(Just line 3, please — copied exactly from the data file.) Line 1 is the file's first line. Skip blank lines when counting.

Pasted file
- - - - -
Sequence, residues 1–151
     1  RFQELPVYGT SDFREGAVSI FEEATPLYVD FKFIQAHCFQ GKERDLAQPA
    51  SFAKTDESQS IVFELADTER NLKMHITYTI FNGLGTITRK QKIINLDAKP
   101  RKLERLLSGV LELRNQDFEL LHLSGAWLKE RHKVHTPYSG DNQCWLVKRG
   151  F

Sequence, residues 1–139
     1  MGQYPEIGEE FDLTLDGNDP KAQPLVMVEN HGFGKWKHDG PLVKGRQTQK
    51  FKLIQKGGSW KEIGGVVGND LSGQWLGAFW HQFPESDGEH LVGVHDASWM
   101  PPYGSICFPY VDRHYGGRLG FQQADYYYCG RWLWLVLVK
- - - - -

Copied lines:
    51  SFAKTDESQS IVFELADTER NLKMHITYTI FNGLGTITRK QKIINLDAKP